- Size: 110mm (W) X 112mm (D) x 28mm (H)
The Uniden AT890BK from Uniden is a fibreglass Radome antenna with stainless steel spring. Engineered and designed for all-round use, flat terrain, town and country, the AT890BK is a rugged and durable antenna to suit your 4WDing needs.
Radome Antenna Features
- Fibreglass Raydome Antenna – BLACK
- 6.6 dBi Gain
- Heavy-Duty Barrel Style Stainless Steel Spring
- Length: 1000mm
- Ground Independent
- Terminated FME Female Connector and PL259 Adaptor
- 4.5 Metres Low Loss Coax Cable
Uniden AT890BK is ground independent with 6.6 dBi gain, the antenna excels in high-quality communication for your UHF. Ground independent with 4.5 metres low loss coax cable, provides excellent performance and perfect flexibility to tune channels, ideal for your 4WD. The heavy-duty stainless-steel spring makes the AT890BK a solid choice for heavy usage, engineered for the toughest conditions and off-road environments.
Maxtrax Recovery Tracks Series II Signature Orange - MTX02SO
MAXTRAX is the innovative, lightweight vehicle recovery device that's Australian designed, engineered and manufactured. Patented and rigorously tried, tested, trusted and proven in the world's toughest off-road events and expeditions. The MAXTRAX is the safe, simple, quick and easy method of sand, mud, slush and snow 4WD vehicle recovery. The MAXTRAX is an extraction device that's easily carried by almost anything with four-wheels, ensuring an easy way out if your vehicle becomes stuck.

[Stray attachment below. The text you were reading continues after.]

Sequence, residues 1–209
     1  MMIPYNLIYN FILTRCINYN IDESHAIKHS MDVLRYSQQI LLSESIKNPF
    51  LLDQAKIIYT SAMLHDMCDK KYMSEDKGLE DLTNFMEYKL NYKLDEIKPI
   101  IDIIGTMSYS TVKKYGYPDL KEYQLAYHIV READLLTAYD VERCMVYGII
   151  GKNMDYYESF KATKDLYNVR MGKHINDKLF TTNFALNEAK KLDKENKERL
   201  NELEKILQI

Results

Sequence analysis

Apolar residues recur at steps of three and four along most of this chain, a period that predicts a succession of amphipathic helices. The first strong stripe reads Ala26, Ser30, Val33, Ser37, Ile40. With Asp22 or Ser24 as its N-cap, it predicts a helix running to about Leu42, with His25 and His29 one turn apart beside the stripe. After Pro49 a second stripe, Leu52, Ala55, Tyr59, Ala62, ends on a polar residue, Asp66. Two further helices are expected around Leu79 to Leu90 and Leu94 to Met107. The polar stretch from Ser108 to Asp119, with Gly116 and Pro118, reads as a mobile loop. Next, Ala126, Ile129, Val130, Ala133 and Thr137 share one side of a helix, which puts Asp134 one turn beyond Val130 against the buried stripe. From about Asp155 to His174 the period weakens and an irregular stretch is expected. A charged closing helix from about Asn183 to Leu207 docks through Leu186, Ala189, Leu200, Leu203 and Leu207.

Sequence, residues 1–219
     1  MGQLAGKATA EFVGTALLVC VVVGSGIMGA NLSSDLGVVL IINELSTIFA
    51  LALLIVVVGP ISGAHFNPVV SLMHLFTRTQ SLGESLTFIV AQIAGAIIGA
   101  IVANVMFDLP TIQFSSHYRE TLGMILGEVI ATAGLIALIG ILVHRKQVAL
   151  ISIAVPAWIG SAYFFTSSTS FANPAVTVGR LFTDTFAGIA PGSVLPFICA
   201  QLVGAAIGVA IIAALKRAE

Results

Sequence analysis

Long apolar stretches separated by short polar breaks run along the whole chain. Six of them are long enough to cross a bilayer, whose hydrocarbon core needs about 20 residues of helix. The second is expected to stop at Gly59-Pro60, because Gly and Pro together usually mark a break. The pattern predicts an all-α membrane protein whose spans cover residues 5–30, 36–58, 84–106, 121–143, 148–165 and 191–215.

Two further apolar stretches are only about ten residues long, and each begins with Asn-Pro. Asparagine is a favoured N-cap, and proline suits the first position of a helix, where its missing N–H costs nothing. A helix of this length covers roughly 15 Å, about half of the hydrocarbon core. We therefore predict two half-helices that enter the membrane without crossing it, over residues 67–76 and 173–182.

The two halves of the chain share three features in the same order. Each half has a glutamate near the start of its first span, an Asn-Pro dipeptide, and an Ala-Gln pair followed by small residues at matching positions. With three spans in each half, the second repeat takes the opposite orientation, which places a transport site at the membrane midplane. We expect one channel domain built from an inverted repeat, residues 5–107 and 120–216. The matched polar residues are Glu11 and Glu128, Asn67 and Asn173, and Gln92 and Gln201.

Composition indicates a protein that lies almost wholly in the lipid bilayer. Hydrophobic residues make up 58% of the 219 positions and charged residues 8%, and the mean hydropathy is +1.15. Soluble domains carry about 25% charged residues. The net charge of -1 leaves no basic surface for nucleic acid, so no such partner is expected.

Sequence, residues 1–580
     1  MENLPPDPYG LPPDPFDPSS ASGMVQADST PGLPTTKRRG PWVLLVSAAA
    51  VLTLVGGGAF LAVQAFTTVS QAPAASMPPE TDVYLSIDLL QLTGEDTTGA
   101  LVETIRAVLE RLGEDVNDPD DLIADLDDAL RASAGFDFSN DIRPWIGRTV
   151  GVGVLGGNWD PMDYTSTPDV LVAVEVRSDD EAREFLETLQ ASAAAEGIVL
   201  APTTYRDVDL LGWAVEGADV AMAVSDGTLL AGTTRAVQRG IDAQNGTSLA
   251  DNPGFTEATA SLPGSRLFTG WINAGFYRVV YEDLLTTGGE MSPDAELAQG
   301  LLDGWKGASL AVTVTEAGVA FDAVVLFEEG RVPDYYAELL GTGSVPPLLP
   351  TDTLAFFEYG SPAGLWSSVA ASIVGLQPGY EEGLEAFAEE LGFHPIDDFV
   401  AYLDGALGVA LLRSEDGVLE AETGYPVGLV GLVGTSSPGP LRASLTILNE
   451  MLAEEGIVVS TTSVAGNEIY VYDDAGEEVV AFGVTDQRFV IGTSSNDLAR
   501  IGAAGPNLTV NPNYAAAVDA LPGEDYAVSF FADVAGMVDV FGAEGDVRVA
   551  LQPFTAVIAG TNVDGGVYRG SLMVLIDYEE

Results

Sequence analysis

- Lightweight, easy-to-use recovery and tred extraction device
- Large, aggressive cleats sink their teeth into tyre tread & tough terrain
- Built in handles and shovel allows you to get unstuck fast
- 2 x MAXTRAX Recovery Tracks & 2 Telltale Leashes included
CTEK Battery Sense - 40-149
Checks battery status with Bluetooth connectivity, free smartphone application
CTEK BATTERY SENSE is a Bluetooth® enabled, smart battery management tool. It’ll help you prevent vehicle breakdowns and maximise the performance of your 4WD batteries by giving you valuable, easy to understand information about the state of your battery’s charge. Just download the free app, connect the Battery Sense Monitor to your 4WD battery, follow the in-app instructions and your mobile phone will give you data 24/7, all year round. You can even sync multiple monitors to your phone for a complete dual battery management system. And if your battery’s charge falls to a critical level, Battery Sense will tell you when it’s time to reach for your CTEK battery charger.
- Automatically syncs via Bluetooth®
- Continuously monitors battery’s charge
- Stores stats for up to 3 months
- 2-year warranty